- Bailing your child out of jail if they should be arrested is not always the right thing to do, even if every fiber of your being is in torment at the thought of them being incarcerated. Chances are very strong they will survive the experience, even if you leave them there for quite a long time, and the reality of spending days or even weeks in jail may be just the hard slap they need. Likewise, hiring expensive lawyers may or may not minimize the impact of criminal charges but it will not increase your child’s likelihood of recovering from their addiction.
- Telling your child you love them unconditionally is always right. Telling them you don’t like and won’t condone or support their behavior when they are actively using is also right. Addicts can be more manipulative and cunning in their drug seeking behavior than you would like to believe your child capable of. It’s OK and appropriate to tell your child that they cannot use your car, take your money, or jeopardize your home, health, or well being in any way. You may even reach a point when you need to tell your addict child they are not allowed or welcome in your home any longer. Protect yourself, your health, your finances, and your assets.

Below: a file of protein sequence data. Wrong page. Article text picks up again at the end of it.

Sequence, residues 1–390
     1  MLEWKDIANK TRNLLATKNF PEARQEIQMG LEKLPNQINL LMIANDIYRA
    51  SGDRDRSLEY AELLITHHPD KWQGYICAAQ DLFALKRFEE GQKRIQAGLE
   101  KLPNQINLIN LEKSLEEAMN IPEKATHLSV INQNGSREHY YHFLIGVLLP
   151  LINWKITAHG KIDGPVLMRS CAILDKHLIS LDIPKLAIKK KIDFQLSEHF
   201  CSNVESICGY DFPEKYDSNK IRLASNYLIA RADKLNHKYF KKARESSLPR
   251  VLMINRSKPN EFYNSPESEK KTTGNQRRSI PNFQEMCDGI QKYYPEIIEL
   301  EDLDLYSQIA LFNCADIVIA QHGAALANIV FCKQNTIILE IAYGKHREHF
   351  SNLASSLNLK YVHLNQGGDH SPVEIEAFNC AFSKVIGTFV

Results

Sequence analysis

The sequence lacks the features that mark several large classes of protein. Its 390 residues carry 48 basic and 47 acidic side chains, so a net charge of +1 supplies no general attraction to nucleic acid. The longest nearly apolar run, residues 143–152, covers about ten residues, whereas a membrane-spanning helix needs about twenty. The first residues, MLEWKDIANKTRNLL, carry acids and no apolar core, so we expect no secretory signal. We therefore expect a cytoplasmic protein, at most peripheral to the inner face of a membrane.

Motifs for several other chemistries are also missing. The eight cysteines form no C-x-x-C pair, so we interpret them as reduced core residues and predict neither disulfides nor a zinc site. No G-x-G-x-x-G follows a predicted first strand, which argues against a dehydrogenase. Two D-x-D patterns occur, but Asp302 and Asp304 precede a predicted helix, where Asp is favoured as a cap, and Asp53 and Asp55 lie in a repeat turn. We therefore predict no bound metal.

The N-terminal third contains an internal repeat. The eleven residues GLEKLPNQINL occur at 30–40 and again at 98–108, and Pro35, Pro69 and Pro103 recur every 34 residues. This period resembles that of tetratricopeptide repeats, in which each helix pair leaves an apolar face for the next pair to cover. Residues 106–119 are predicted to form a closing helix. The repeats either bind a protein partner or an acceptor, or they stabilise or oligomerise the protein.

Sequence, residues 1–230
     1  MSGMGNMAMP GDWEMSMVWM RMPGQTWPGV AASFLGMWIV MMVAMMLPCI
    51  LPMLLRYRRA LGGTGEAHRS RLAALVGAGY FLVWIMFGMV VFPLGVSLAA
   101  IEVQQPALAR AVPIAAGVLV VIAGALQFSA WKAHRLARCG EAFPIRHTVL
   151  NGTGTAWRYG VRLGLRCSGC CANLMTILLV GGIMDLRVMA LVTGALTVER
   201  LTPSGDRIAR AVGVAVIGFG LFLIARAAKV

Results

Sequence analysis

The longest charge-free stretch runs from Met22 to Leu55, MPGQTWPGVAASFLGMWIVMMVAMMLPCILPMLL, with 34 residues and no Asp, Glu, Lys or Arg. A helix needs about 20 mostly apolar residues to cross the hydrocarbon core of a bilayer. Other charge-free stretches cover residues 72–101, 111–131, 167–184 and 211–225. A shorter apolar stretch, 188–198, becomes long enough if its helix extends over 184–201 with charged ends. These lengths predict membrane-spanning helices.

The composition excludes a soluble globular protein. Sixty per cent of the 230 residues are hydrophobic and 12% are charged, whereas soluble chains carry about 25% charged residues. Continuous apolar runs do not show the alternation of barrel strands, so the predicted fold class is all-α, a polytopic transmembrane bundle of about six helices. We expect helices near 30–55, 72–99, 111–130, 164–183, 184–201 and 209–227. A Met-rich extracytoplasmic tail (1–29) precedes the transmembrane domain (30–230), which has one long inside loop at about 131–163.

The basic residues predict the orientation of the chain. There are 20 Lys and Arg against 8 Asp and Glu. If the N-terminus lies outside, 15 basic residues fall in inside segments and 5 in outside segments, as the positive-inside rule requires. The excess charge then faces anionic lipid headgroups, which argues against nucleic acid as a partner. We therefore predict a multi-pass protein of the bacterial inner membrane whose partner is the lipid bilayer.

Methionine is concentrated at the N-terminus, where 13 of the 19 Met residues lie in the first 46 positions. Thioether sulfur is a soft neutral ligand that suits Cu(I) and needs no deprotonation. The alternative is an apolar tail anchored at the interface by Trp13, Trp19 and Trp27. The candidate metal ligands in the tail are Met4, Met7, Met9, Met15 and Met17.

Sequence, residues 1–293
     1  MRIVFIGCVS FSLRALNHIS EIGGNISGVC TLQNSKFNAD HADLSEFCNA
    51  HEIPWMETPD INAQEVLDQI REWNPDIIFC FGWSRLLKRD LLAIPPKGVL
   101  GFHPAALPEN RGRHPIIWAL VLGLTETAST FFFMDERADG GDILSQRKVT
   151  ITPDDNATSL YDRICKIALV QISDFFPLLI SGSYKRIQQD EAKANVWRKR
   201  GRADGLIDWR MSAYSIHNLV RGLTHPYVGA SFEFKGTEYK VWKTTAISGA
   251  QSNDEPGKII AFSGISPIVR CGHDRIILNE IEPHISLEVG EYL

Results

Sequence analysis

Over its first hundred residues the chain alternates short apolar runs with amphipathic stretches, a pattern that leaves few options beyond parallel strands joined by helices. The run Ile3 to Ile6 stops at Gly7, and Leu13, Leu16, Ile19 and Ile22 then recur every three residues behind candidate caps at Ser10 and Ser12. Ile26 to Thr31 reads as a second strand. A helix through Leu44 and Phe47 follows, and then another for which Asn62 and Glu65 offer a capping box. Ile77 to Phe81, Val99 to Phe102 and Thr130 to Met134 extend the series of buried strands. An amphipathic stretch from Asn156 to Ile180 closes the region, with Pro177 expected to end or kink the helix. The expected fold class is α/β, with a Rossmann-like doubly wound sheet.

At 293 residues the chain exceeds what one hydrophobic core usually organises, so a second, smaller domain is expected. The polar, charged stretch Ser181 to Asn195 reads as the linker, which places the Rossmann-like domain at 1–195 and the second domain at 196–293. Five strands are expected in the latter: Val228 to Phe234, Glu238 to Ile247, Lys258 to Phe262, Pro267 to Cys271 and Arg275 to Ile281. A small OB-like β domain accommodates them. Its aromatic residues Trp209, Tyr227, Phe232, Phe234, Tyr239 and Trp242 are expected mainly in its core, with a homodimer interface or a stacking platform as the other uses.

- Loving your child isn’t always enough. Your addict child will hurt themselves, harm themselves, and cause themselves more pain that you can imagine, and all the love you have for them can’t prevent it or stop it. They may lose friendships and relationships with other family members and with you and alienate everybody. They may lose everything they have and cause irreparable havoc from their drug use. You will still love them, even when they are at their worst. In their own guilt and shame they may have a hard time believing that you love them and they may push you away. Always let them know you believe they have the ability to recover.
- There is always hope. In your child’s darkest hour, they may find what they need. Never give up on your child.
Just for today
My son is now 4 months clean, via his arrest and incarceration. He writes to me that being imprisoned has allowed him to feel freer than he has in a very long time. He no longer has a needle in his arm and he is clear-headed and focused. He is reading and writing with a vengeance. He has the courage to face what is ahead of him and the belief that there is a path of growth and recovery for him. He accepts full responsibility for his current circumstances. I continue to pray for his well being, love him with all of my heart, and believe that he can find and stay on his path to recovery.
Are you the parent of an addict? How has your child’s addiction affected you and your family? Do you have truths to add to this list?